Lesson 29: Hit or Make 20 Point? - Backgammon Blog

Lesson 29: Hit or Make 20 Point?

Lesson 29: Hit or Make 20 Point?

By Bill Robertie
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We are in the very early part of the game and neither player has much structure. White has, however, made his 4-point.

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Some players, new to the game and principally learning from books, get the impression that advanced, creative backgammon requires leaving blots and shots at all opportunities. Not true. While there are lots and lots of positions where weirdly aggressive plays are justified, there are plenty of other positions where battening the hatches is the right idea. This position is a case in point.

Black’s best play is to make an anchor with the ultra-safe 24/20 and 10/8, leaving no blots; the runner-up play is 24/20 13/11, still making an anchor but leaving two outfield blots. The hitting play 20/16* 24/22 is third-best by a wide margin.

This result will take many readers by surprise. “Why not hit and gain ground in the race? Looks pretty safe. White is on the bar and I’ve gained 16 pips. Sure I don’t have any board yet, but White isn’t very strong either.”

What’s wrong with this reasoning? Well, in actuality not very much. Hitting isn’t a bad play; Black in fact improves his winning chances by hitting. What’s worth noting, however, is that, because he has no board, Black improves his winning chances very little by hitting.

Let’s look at the numbers. Before Black rolls, he’s a very slight underdog, only about 49.3% to win according to rollouts. After hitting with 20/16* 24/22 (the best way to hit, connecting his two rear blots) Black’s winning chances increase, but only to 49.4%! Hitting has taken him from a small underdog to an slightly smaller underdog.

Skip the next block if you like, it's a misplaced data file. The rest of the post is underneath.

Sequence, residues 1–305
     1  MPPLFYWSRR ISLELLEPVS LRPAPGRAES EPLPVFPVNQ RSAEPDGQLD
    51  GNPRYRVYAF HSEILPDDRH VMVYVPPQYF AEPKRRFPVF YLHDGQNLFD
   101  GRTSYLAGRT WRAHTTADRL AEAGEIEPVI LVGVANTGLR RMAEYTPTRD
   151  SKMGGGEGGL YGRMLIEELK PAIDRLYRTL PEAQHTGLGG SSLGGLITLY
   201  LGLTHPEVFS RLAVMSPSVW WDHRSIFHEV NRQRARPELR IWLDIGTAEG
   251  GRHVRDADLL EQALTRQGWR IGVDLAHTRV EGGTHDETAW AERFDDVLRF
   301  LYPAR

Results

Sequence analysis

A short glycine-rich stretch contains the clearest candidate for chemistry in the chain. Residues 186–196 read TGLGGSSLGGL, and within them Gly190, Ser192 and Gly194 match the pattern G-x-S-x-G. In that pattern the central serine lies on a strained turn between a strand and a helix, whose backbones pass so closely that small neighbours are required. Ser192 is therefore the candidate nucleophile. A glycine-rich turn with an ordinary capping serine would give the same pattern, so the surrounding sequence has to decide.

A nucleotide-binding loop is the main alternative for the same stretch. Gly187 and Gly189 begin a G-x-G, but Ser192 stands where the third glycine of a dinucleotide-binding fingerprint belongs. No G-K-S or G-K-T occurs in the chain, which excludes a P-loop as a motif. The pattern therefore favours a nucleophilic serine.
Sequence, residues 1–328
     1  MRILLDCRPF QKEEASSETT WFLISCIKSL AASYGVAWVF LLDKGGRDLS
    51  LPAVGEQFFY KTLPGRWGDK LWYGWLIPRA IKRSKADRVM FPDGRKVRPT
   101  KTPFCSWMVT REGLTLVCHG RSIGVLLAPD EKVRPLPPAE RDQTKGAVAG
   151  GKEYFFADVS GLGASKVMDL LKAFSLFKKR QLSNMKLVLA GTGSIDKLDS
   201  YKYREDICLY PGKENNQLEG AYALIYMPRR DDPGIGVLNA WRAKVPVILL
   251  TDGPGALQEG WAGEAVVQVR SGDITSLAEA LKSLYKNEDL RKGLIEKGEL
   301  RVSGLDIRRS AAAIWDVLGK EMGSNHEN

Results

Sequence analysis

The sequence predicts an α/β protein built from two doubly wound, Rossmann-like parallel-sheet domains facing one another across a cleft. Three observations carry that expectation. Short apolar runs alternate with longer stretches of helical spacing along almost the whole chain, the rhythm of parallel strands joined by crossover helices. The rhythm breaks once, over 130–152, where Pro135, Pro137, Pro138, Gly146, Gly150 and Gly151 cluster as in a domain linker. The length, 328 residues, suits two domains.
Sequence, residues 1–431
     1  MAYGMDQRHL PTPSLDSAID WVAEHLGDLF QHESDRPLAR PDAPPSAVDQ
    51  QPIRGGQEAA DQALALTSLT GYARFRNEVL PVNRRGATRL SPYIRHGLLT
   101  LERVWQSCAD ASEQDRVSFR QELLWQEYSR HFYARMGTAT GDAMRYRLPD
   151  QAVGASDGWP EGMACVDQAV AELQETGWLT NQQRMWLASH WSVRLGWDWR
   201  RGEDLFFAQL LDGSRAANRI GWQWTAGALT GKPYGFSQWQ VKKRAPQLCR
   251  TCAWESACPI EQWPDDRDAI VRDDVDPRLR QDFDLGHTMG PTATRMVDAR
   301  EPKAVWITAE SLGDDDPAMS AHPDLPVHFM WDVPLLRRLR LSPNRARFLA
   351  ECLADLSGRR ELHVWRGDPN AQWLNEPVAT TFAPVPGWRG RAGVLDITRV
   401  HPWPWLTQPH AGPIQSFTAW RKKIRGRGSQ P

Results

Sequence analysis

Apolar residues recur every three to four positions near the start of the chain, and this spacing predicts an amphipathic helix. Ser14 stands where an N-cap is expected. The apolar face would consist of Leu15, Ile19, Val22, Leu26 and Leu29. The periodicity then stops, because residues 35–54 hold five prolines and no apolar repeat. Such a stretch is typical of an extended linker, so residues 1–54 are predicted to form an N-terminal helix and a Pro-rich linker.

Making the anchor does somewhat better. After anchoring and buttoning up with 10/8. Black moves to 50.8% to win. Again just a small increase (only 1.5%) but now at least he has become a favorite. This makes sense, since he’s now ahead in the race (although only by a pip) and he’s made the best point on the board. Why wouldn’t he be a favorite?

After 20/16* 24/22, however, Black is swimming. True, he’s a little farther ahead in the race, but he has no points anywhere and three blots that can be attacked, while White is still the only player with a point. Although White is on the bar, he has a full 21 numbers that enter and hit. Under the circumstances, it’s not really a surprise that Black is still a small underdog.

The general principle operating here is that structure supports blots. The more structure you have, the more blots you can tolerate and the more likely it is that a hitting play is correct. Structure, in the form of home board points, operates both offensively and defensively. Offensively, it makes hits stronger by increasing the chance that your opponent fans when you hit and reducing the number of enter-and-hit numbers. Defensively, structure allows you to tolerate a loose hit by preventing your opponent from taking too many chances; he has to respect your structure and play more conservatively. Look at the next position to see the contrast:

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Position #2. Same as before except Black has made his 5-point.

With the extra structure provided by his 5-point, Black is correct to hit with 4-2. White is both more likely to fan and less likely to hit back if he enters.

When you have no board at all, a play that makes one of the best anchors, either the 20-point or the 18-point, is likely to be better than a loose hit, even hits that appear relatively safe. An anchor may be a conservative asset, but it’s one that exerts its power for most of the game.

About the Author
Player: Bill Robertie
Bill Robertie
William Gerard Robertie is a backgammon, chess, and poker player and author. He is one of four backgammon players to have won the World Backgammon Championship twice.